Thanksgiving. A time to be with family, watch football, relax and eat a lot of salty, rich foods. For many people Thanksgiving is not a time to focus on their health, and especially not a time to focus on their diets, but this can change.

In general, sodium (salt) intake is much too high in the United States. The American Heart Association recommends a limit of 1,500 mg of sodium per day for adults. One teaspoon of salt contains 2,325 mg of sodium alone. The average adult American consumes 3,000-4,000 mg of sodium per day which obviously is higher than the recommendation. High sodium intake has been linked to serious health problems such as high blood pressure, heart disease, and complications of Diabetes.

People generally fear that they won’t be able to eat anything they like if they have to follow a lower-sodium diet. However, that does not have to be true with some planning and creativity. Below are three ways to reduce sodium in several traditional Thanksgiving foods.

1. Turkey

Choose turkeys that have not been injected with a sodium solution. This has become a common practice of retailers to enhance flavor and texture and to increase shelf life. This significantly increases the sodium content of a food that otherwise would be relatively low in sodium. A 3 1/2 ounce serving of fresh turkey breast has 50 mg of sodium. The same amount of the “enhanced” (injected) version has a whopping 350-400 mg sodium. Product labels must declare if they have added a sodium solution, so read your labels carefully.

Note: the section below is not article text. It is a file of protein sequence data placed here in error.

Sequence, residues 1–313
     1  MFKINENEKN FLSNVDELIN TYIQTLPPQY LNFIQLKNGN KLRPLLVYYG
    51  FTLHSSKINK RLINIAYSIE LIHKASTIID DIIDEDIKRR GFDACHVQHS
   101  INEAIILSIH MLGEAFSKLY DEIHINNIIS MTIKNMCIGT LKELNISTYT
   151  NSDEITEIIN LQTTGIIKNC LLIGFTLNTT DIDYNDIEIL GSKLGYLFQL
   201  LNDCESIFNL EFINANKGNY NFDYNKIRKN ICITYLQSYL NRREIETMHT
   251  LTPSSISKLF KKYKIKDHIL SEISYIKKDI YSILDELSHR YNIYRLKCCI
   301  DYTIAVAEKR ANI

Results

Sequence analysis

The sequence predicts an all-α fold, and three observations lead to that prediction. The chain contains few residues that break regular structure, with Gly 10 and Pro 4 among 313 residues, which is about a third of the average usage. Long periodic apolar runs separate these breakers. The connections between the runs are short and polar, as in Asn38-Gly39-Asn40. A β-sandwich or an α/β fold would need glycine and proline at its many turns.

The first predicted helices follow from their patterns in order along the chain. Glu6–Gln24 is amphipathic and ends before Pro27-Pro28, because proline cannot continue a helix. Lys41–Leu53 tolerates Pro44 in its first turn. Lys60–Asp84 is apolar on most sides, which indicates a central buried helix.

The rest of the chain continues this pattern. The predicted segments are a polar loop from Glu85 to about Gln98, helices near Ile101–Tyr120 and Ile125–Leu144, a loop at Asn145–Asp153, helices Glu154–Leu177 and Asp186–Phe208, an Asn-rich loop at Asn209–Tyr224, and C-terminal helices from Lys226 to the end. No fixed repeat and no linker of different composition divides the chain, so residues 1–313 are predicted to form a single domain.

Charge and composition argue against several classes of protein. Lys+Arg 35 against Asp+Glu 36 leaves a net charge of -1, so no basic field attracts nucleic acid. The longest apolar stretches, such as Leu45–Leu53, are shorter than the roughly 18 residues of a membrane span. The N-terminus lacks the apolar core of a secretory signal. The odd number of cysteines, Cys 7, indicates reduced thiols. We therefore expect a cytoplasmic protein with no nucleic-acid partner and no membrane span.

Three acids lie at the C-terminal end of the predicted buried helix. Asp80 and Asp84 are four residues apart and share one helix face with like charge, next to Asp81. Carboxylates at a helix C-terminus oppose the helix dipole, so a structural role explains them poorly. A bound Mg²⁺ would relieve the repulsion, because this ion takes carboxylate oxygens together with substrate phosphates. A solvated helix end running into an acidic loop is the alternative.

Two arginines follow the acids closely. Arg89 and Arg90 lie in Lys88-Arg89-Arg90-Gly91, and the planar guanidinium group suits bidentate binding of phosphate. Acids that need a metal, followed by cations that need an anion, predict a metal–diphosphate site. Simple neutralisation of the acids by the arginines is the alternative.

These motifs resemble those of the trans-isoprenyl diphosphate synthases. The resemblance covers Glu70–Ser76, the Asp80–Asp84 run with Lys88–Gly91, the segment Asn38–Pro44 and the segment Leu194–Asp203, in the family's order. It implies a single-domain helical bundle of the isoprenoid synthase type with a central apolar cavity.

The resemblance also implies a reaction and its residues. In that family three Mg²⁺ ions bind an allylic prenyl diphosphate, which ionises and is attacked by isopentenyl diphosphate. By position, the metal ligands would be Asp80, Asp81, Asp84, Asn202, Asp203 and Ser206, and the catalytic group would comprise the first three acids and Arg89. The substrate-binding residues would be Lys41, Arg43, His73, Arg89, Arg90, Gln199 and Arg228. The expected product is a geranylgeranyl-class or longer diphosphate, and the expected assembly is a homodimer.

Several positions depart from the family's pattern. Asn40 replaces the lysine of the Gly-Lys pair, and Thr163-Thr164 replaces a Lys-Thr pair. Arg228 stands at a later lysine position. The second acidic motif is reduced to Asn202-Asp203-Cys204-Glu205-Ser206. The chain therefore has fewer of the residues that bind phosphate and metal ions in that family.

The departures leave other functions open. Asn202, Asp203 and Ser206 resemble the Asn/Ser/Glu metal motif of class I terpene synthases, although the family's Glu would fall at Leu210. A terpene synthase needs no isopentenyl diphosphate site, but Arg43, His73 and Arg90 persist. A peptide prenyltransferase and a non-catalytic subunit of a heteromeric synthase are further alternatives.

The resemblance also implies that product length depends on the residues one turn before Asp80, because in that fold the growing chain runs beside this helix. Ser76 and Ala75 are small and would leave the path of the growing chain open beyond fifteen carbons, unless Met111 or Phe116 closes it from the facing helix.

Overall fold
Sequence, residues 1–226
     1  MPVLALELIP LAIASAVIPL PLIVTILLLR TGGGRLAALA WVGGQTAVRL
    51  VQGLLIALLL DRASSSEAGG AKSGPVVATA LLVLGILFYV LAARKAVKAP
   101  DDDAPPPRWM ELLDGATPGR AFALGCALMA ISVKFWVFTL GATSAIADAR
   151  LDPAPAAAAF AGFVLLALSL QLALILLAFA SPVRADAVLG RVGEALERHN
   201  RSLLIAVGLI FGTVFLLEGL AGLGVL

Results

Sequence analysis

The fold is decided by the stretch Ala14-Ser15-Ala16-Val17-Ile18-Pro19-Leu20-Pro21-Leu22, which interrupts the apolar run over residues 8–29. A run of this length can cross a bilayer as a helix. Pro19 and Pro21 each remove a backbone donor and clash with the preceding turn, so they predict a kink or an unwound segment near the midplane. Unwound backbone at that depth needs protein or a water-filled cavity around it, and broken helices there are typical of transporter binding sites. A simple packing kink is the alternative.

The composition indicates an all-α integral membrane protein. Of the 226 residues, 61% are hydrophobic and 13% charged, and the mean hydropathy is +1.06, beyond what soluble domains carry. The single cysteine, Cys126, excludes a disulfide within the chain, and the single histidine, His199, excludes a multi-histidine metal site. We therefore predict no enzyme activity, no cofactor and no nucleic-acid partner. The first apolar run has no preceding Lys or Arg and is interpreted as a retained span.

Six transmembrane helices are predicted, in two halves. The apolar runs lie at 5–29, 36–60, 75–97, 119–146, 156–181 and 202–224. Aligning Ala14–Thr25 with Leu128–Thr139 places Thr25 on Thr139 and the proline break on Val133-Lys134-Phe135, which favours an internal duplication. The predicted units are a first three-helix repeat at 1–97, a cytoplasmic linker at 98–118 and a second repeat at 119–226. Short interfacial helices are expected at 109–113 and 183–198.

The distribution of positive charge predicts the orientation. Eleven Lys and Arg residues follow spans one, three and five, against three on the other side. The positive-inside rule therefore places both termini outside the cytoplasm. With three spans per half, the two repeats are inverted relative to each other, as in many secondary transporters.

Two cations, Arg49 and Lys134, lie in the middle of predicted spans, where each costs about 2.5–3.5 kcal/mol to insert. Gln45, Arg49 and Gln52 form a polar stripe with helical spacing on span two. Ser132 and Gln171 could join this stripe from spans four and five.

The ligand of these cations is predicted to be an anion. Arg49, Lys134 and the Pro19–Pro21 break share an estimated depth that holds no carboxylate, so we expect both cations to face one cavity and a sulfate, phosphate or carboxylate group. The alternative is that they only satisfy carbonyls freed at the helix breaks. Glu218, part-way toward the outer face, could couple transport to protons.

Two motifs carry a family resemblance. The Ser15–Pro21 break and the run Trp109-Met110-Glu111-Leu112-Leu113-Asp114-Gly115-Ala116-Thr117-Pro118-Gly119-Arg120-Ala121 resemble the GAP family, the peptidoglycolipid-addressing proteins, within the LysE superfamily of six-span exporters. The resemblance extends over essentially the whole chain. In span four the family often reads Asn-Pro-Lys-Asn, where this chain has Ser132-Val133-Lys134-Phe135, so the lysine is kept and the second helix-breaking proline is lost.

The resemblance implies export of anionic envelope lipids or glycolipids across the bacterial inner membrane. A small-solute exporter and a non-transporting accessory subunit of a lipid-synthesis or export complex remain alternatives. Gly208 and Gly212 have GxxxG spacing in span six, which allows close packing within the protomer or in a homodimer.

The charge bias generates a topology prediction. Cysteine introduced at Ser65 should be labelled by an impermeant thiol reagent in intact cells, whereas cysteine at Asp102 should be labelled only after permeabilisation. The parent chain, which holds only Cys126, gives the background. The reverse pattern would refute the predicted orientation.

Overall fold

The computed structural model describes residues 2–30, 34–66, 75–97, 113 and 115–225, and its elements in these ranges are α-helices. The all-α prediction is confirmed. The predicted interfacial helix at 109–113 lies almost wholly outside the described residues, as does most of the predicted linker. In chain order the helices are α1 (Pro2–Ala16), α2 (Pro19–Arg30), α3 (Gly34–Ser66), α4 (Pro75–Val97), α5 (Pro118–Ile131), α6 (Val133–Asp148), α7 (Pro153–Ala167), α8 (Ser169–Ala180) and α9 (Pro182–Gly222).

2. Green Bean Casserole

This is a tradition in many homes and is made with two very salty main ingredients- canned green beans and cream of mushroom soup. Processed and canned foods generally are very high in sodium compared to their fresh counterparts. However, there are options to at least attempt to reduce the sodium intake by using reduced-sodium products.

Sodium content per serving of green beans:

  • Regular canned: 380 mg
  • Reduced sodium canned: 200 mg
  • Frozen: 10 mg
  • Fresh: 0 mg

Sodium content per serving of cream of mushroom soup:

  • Regular canned: 870 mg
  • Reduced sodium: 400 mg

Just with these two ingredients – not accounting for those yummy fried onion rings – you can make a green bean casserole with 1,250 mg sodium per serving or 410-420 mg per serving. This is a significant reduction in sodium content, yet you can still have your green bean casserole. The same can be true for many of our Thanksgiving favorites.

3. Gravy

Gravy and seasoning offer an opportunity to decrease sodium. Instead of canned or packaged gravy, make your own from the meat drippings and flour (the old fashioned way). Try salt-free seasoning blends. There are many ready made ones available at stores or try making your own using the seasoning recipes listed below.

Italian Herb Mix

  • 1 tablespoon dried oregano
  • 1 tablespoon dried basil
  • 1 teaspoon dried marjoram
  • 1 teaspoon dried thyme
  • 2 teaspoons crushed rosemary
  • ½ teaspoon black pepper
  • 1 teaspoon garlic powder

Cajun Seasoning

  • 2 ½ teaspoons paprika
  • 4 teaspoons oregano
  • 1 teaspoon garlic powder
  • 1 teaspoon white pepper
  • 1 teaspoon black pepper
  • 1 teaspoon cayenne pepper
  • 1 teaspoon ground cumin

Post a comment and share your tips for reducing sodium in a Thanksgiving meal. Have a happy and healthy Thanksgiving!

~ Linda Walker, RD, CSP, CD, renal and ketogenic dietitian, Children’s Hospital of Wisconsin

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